Loan borrowing amounts and terms
Small businesses hurting from the coronavirus impacts can apply to receive up to 2.5x their average monthly payroll costs—essentially guaranteeing over two months of payroll to maintain employment. The loans top out at $10 million for first time applicants and $2 million for repeat applicants.
For most businesses, the calculation will be straightforward, but the Small Business Administration will help seasonal and brand new businesses determine their accurate estimates.
What counts as payroll? Salaries, health care benefits, bonuses, retirement, and other benefits provided to employees. Under the Paycheck Protection Program salaries are only covered up to $100k.
Paycheck Protection Loans are for two years and include 1% fixed interest rate. Payments will be deferred for six months following the initiation of the loan.
Paycheck Protection Loan forgiveness
The most significant draw for the Paycheck Protection Program is the opportunity for 100% loan forgiveness. PPP loan forgiveness is contingent upon the use of funds, number of employees, and employee salaries over the life of the loan. Meeting these directions can qualify borrowers for 100% loan forgiveness, meaning you would not have to pay back the principal of the loan.
- Use of funds: funds must be used for payroll, mortgage interest, rent, utilities, payroll tax, or employee benefits
- Employment numbers: any reduction in employees will need to be reversed by July 1st,, 20 in order to qualify for 100% loan forgiveness
- Employee salaries: Decreasing any below-$100k salaries by 25% or more will disqualify your business for 100% loan forgiveness, unless replaced by July 1st, 2021
Forgiveness will be determined on a case-by-case basis after completing and submitting a loan forgiveness application, which will include a detailed documentation of the use of Paycheck Protection Loan funds.
Divvy makes it easy to track each and every transaction, syncing seamlessly with your accounting software and locking budgets to help you navigate the COVID-19 crisis and use your Paycheck Protection Loan wisely.
The first round of applications for the Paycheck Protection Program opened on Monday, April 6th. However, the applications closed less than two weeks after this date, when on April 16th, the SBA announced a “lapse in appropriations.”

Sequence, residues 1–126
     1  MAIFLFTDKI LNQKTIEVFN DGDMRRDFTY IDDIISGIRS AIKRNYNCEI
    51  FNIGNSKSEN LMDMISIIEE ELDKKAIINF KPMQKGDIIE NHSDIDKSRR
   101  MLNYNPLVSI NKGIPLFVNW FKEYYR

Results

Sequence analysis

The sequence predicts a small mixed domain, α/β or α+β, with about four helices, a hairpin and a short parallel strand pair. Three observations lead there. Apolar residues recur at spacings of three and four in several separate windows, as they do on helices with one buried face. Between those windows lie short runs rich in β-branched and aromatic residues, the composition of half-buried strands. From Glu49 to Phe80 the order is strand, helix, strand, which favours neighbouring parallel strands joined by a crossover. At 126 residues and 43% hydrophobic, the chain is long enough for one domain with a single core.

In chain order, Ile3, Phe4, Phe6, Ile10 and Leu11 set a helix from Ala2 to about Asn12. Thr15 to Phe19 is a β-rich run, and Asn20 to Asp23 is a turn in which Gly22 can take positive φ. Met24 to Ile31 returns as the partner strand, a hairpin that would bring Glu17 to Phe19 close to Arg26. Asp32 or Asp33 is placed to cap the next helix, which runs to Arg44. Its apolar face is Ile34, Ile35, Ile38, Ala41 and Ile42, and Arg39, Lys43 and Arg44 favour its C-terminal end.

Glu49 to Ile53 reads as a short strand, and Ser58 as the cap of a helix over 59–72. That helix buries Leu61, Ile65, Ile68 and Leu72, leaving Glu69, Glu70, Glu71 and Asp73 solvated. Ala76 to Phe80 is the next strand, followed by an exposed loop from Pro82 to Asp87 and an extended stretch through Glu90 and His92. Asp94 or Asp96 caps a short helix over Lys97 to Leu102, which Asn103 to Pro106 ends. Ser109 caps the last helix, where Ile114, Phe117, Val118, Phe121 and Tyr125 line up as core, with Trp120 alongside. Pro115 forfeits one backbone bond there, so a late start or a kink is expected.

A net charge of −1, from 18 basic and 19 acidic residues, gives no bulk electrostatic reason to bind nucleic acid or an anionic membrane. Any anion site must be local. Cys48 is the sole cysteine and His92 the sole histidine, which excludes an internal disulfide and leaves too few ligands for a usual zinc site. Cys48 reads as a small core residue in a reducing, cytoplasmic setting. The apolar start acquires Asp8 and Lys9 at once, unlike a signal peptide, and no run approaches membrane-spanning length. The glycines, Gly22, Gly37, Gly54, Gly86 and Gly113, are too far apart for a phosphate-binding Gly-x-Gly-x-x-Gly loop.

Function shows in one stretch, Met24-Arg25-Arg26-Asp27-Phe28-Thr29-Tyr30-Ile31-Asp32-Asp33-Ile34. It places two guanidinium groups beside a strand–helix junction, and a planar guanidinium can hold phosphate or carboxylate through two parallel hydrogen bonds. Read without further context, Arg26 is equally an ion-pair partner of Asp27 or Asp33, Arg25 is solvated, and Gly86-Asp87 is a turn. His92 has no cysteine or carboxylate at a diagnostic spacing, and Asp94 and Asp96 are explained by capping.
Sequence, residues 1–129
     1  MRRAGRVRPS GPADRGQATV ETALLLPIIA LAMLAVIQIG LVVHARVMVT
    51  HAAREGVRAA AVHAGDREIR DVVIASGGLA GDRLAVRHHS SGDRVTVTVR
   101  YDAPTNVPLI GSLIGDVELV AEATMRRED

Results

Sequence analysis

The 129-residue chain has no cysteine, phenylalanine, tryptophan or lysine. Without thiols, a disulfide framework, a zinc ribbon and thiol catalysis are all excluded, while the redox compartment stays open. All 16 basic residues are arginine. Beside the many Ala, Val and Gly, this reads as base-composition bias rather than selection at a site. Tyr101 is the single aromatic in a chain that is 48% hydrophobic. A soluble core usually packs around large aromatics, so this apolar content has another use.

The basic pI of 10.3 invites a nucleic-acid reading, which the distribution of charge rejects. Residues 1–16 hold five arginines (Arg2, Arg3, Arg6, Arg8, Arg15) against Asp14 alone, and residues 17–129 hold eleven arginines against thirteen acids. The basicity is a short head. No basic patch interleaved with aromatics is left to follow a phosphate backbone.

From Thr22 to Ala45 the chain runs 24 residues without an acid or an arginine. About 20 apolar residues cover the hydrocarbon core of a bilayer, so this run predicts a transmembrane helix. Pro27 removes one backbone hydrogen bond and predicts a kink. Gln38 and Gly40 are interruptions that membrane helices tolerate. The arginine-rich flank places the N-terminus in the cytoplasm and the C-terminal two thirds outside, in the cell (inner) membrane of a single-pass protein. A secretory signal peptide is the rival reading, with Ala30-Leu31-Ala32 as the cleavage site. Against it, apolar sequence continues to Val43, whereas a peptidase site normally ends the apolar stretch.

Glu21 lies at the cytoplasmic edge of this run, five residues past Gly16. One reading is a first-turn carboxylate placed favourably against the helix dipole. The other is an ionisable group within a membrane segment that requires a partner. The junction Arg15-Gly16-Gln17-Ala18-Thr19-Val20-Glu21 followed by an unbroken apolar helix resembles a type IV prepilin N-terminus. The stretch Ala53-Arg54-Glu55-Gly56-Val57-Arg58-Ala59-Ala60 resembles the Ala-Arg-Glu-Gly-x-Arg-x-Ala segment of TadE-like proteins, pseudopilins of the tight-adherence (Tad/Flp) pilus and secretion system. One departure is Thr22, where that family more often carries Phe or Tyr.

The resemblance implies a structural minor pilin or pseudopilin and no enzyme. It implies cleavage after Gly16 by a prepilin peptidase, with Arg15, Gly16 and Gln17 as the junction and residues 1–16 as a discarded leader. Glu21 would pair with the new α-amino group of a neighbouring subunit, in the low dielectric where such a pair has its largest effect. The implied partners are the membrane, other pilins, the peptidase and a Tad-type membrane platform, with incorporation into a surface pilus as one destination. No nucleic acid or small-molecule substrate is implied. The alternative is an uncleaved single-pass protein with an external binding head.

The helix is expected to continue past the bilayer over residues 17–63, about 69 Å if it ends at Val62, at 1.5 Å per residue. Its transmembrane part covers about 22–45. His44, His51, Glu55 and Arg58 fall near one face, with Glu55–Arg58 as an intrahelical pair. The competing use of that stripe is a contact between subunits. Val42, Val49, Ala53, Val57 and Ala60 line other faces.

The announcement of additional funding marks a second round of PPP applications, beginning on April 27th. These loans were made available until Tuesday, June 30th—though the funds were exhausted quickly, as over 1.6 million small businesses applied.
The Coronavirus Relief Bill launched another round of funding which will likely become available in early-to-mid January 2021.
PPP loans are awarded on a first-come, first-served basis. In order to expedite these funds, the Small Business Administration does not require official SBA approval of each and every loan, so funds can be made available within days of a completed application.
SBA Paycheck Protection Loans are available through any approved SBA 7(a) lender (many banks and credit unions qualify). Find an SBA office in your state to check for approved lenders.
How can businesses use Paycheck Protection Loans?
Unlike regular loans which are used at your discretion, Paycheck Protection Loans need to be carefully used and documented to qualify for 100% loan forgiveness–the goal of many businesses during this chaotic time. So how exactly can a Paycheck Protection Loan be used?
- Payroll costs
- Salaries, commission, wages, tips (up to $100,000/year)
- Employee benefits: vacation, family/medical/parental/sick leave, insurance premiums, retirement
- State & local compensation taxes (payroll tax)
- Sole Proprietors & Independent contractors: income and net earnings (also capped at $100,000/year)
- Interest on mortgage
- Rent for leases
- Utility services
The Paycheck Protection Loans are designed to keep businesses running and allow employees to keep their jobs during the short-term economic crisis. Paycheck Protection Loans cannot be used for purchasing new property or equipment, inventory, repairs, paying off other loans or financial obligations, or any other expenditures not directly related to payroll and day-to-day operations of your business.
How to apply
Payment Protection Loans can be applied for through any SBA-approved institution. Currently there are over 1,800 such institutions, but as the SBA has relaxed requirements to encourage more institutions to participate the number will grow and access to the loans will increase.
Get started on your SBA PPP loan application.
To submit an application for a Payment Protection Loan, contact any SBA 7(a) lender to begin the application process. You can prepare for faster application by assembling the following materials and documentation.